Copyright © Leonie Westbrook 2018. All rights reserved.
At the end of the Calendar Girls project (described below), participants were invited to exhibit collectively at Gray Street Workshop during the 2016 Adelaide Fringe Festival.
The 5 works shown above were produced for this exhibition, All were created using the very same technique of repetitive folding out following a specific pattern and geometric layout, yet all achieving very different outcomes by altering one basic step during the making process. This is a process and idea that I have continued to develop since 2012 when I first made the Fold Out bangles in 2012 as part of Arts SA grant.
12 selected alumni and current tennants of Gray Street Workshop were invited to participate in the Calendar Girls project as part of Theatre of Detail, Gray Street Workshop celebrates 30years.
Each participant was awarded a month, with the brief to reflect the theme and capturing aspects of their practice. Provided with a time lapse camera to use as we wished for one month each, we also provided a written response to questions, plus some still images to accompany the text and videos.
My responses to the supplied questions are as follows...
How do you get from point A – B, from idea to out-come?
Currently I am using cardboard models, and I noticed that these would change over time. I started to let this inform my making while working the metal, so the idea and object develop simultaneously. I think of it as an ongoing conversation. Both metal and card start out as a flat piece of material that is then cut and manipulated, but as time passes the model “relaxes” its hard lines into softer shapes and curves, stretching downwards if hung, or gently sagging if left on my bench for a while. I try to capture a moment of this changing form, re- interpreting it in the metal, as the cardboard model will eventually disintegrate and fall apart.
What usually goes through your mind when you are making work?
Questions, realisations, ideas, explanations, reasoning. Thoughts that I scribble down then keep madly making. Curiously I have noticed that since I have been working alone, these once random thoughts have become more frequent, and the writing longer and freer, which could be because thoughts are now rarely spoken and discussed compared to the many conversations had when sharing a communal space. It wasn’t until I started collating and reading these thoughts that I realised I was explaining my work, something I’ve always found excruciating and avoided unless necessary. Now it seems this process has become an important element of my making, a spontaneous act that both informs and is an honest communication of my practice.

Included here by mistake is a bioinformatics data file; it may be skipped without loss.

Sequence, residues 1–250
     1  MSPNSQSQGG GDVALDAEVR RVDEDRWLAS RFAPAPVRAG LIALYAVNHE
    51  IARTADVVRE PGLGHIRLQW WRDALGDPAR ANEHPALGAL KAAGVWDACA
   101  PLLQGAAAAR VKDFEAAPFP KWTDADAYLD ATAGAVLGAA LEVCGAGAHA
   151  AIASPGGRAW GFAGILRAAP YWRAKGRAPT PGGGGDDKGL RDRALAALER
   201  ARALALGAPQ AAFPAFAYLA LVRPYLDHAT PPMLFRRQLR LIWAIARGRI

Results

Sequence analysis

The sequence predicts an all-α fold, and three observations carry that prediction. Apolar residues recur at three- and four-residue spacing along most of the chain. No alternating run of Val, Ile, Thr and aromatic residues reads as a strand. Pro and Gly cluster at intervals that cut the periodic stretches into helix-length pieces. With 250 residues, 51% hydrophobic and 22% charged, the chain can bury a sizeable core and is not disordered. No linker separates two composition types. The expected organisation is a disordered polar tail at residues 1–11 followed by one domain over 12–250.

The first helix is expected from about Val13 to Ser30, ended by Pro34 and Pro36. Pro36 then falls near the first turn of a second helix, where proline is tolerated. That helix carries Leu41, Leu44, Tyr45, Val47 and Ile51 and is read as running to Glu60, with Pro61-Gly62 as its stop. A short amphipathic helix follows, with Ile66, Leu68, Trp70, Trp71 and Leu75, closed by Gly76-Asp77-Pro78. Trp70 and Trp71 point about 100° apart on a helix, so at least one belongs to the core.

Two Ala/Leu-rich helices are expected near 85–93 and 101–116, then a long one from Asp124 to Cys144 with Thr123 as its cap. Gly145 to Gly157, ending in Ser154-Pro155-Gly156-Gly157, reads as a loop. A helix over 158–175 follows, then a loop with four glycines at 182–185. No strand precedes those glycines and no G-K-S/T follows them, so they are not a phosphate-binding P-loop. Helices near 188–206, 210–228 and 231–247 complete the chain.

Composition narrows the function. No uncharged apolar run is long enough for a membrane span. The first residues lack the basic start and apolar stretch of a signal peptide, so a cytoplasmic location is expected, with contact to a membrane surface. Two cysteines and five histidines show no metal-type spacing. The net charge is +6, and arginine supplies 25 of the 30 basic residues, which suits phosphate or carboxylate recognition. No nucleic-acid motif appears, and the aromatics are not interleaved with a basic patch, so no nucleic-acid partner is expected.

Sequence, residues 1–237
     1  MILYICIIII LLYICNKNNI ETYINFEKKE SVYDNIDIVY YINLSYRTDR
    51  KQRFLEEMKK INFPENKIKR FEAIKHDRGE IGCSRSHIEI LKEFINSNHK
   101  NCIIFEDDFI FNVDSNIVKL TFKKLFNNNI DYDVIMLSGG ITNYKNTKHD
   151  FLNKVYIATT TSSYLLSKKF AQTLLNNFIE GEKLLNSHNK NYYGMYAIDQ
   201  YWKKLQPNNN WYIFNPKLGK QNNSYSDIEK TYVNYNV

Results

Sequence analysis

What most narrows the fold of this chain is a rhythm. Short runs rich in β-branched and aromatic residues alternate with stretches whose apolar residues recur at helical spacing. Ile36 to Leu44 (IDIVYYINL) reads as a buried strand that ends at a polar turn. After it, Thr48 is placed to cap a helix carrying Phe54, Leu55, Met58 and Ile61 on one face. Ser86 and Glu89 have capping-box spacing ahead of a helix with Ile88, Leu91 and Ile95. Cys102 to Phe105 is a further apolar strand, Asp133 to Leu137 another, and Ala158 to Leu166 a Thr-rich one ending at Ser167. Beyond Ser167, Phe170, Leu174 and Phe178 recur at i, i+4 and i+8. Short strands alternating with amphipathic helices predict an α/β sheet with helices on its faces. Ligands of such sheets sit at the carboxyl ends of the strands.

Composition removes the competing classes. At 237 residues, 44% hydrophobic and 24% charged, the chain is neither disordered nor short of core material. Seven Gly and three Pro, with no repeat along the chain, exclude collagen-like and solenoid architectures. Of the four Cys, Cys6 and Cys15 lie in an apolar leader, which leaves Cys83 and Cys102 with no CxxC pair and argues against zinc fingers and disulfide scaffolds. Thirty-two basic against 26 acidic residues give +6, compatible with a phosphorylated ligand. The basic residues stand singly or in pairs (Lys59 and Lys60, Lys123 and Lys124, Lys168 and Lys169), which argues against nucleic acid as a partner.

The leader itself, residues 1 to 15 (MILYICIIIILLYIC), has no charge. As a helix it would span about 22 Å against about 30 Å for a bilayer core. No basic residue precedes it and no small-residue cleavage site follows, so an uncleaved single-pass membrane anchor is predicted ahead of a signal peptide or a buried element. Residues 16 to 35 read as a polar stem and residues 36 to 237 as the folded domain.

What gives you pleasure in your practice?
The joy of discovery, the delight of something unexpected happening. For me the most exciting and worthwhile discoveries have usually occurred through the hand making process, between conception and completion.
Currently I mainly use monel, which I started using with no knowledge or training in the material, so I have therefore learned mostly from playing with the metal and with no restriction as I don’t know its limitations (other than what I have discovered along the way). This approach is risky as there many mistakes and failures, but the flipside is that so there is a real freedom to experiment and possibility of discovery, which I find to be a rewarding and really satisfying way of working.
What would you like to make that you haven’t already?
Everything I haven’t yet made! So many ideas and pieces to make, techniques to try, tangents to go off on, materials to experiment and play with, people to work with, projects to explore, questions to ask.
More immediately I would like to work more with the idea of a mistake or reject, being useful rather than obsolete, instead creating another possibility that I may not have considered. This idea that deviations are worth exploring has been a presence in my making, so I would like to explore this further by fully embracing any mistakes when they occur and letting that guide my making.
2015 - 2016
"To capture an often over looked aspect of the making process; the detail and intimacy of time"
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